No such Holy Grail exists.

The book contains a disclaimer upfront and does not try to hide the fact that there’s a conflict of interest at play:

“Tony Robbins is a minority passive shareholder of CAZ Investments, an SEC-registered investment advisor (RIA). Mr. Robbins does not have an active role in the company. However, as shareholders, Mr. Robbins and Mr. Zook have a financial incentive to promote and direct business to CAZ investments.”

The Holy Grail of Investing

But you then see things like this:

Tweet 1.

And this:

Tweet 2

Conflicts of interest aside, the issue with the latter statement is that it makes the following assumptions:

  1. A compounded annual rate of return over 15%, net of fees.
  2. That the tax efficiency of private equity is similar to that of an S&P 500 index fund (it’s not).

Plus, it doesn’t account for survivorship bias, a term that describes the fact that funds with poor returns often stop reporting their performance and thus drop out of databases, skewing the remaining funds’ returns upward. 

By not considering failed investments, the historical performance of surviving private equity funds overstates, to at least some degree, the likely future outcomes. In Cambridge Associates’ documentation, they even mention that survivorship bias impacts their analysis

Regarding tax efficiency, funds tend to have a lot of turnover. Some of the investments within a fund can also have a short lifecycle. These costs related to switching funds and the asset churning can generate significant capital gains tax for investors that may diminish net after-tax returns compared to simply buying and holding index funds.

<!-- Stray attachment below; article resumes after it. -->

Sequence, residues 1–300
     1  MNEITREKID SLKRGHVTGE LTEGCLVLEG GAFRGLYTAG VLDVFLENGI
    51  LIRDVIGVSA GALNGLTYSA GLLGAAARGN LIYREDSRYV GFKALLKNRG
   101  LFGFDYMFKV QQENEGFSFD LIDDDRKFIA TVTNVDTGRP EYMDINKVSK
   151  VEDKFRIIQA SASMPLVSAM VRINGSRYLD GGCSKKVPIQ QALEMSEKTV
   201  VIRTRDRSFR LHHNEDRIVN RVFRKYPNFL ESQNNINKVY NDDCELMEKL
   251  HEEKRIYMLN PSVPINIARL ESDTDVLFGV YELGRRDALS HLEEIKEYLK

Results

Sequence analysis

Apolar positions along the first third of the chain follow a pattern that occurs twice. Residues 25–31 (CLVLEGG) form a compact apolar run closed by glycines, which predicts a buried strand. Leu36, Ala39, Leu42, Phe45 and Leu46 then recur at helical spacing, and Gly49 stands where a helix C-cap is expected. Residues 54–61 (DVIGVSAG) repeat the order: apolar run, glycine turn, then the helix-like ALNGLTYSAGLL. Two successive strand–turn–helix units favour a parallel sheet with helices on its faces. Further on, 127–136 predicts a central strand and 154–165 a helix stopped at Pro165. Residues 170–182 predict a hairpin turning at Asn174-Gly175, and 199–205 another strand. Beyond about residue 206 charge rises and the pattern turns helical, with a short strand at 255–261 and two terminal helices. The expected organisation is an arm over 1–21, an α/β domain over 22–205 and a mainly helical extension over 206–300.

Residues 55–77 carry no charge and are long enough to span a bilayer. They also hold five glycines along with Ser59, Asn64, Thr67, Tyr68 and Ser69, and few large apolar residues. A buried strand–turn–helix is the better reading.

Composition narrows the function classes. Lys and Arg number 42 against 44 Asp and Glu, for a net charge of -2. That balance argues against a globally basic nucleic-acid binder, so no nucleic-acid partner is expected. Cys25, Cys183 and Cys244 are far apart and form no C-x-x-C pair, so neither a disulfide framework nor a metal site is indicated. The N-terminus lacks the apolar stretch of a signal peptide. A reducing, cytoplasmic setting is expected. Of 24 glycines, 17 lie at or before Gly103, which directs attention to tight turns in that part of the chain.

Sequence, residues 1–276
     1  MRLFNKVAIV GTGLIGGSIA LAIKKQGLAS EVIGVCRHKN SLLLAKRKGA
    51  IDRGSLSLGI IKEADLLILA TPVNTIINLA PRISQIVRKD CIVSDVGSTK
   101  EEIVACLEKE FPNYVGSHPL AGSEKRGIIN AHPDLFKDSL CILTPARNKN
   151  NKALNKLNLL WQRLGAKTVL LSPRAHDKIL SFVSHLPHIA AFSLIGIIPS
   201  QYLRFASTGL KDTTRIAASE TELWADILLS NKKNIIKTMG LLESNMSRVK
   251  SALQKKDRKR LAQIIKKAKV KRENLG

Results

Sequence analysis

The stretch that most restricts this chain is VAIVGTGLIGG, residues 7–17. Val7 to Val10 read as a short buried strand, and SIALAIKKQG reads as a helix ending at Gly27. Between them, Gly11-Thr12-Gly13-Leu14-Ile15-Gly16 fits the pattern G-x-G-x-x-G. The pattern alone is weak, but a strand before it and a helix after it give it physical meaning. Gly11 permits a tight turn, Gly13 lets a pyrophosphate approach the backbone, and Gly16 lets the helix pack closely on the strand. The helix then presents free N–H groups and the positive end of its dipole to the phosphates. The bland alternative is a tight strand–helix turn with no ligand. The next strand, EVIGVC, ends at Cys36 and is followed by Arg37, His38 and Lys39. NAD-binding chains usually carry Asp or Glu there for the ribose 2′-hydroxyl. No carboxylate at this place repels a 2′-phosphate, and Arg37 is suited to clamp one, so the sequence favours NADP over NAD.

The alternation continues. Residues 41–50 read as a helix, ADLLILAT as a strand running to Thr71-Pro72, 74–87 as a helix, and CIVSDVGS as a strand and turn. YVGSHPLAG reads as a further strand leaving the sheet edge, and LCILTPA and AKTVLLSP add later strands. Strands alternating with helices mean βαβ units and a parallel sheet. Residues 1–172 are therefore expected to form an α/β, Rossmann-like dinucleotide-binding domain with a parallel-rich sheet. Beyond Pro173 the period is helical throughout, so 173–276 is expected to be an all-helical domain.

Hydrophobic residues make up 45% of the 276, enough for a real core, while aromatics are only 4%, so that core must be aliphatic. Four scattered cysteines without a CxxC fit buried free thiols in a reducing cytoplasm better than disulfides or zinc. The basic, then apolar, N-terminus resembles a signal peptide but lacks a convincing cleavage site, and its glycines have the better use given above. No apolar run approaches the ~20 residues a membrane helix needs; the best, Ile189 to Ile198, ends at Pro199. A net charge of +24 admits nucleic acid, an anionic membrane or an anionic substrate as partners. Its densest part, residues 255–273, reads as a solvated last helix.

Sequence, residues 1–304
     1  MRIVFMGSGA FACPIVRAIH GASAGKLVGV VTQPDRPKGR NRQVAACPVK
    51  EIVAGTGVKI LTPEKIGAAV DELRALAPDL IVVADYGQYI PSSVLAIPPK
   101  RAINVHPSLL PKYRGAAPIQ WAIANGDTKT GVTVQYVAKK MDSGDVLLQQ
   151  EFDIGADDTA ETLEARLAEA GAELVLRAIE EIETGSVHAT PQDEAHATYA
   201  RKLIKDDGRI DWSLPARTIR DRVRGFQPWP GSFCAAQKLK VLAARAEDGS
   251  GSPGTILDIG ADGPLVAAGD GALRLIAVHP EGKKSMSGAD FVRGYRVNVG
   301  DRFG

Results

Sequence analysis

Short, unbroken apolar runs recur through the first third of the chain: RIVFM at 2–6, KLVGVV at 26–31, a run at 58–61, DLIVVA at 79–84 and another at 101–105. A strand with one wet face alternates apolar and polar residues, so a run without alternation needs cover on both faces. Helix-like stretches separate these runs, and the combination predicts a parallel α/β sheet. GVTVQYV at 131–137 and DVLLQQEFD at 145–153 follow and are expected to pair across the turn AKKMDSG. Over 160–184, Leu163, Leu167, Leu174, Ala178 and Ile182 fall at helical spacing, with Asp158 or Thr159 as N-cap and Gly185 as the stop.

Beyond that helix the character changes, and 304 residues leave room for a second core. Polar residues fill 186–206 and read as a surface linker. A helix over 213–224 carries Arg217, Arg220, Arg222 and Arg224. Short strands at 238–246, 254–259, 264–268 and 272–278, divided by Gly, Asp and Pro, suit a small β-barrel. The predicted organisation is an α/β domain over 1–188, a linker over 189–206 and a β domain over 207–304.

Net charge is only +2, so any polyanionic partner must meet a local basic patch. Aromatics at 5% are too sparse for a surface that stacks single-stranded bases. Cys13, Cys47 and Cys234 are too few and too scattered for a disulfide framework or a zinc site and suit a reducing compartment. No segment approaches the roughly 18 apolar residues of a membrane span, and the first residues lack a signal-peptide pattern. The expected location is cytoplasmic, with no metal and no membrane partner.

On the topic of future performance, while Robbins doesn’t explicitly state that you shouldn’t have exposure to an index fund like the S&P 500, the statement above seems to imply that better historical returns would have been garnered by ditching the public markets and putting all your investments in private equity.

Of course, this is no guarantee about that, and it’s a strategy that carries significant risk. 

Although these statements are not specifically related to CAZ Investments, I believe it’s important to mention them in the article to offer a balanced view of private markets. 

Private markets can be a valuable addition to a well-diversified portfolio, but they are not a “Holy Grail.” They come with different risks than public markets, and for inventors who understand those risks, private markets can offer meaningful portfolio diversification. 

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R.J. Weiss
R.J. Weiss, founder of The Ways To Wealth, has been a CERTIFIED FINANCIAL PLANNER™ since 2010. Holding a B.A. in finance and having completed the CFP® certification curriculum at The American College, R.J. combines formal education with a deep commitment to providing unbiased financial insights. Recognized as a trusted authority in the financial realm, his expertise is highlighted in major publications like Business Insider, New York Times, and Forbes.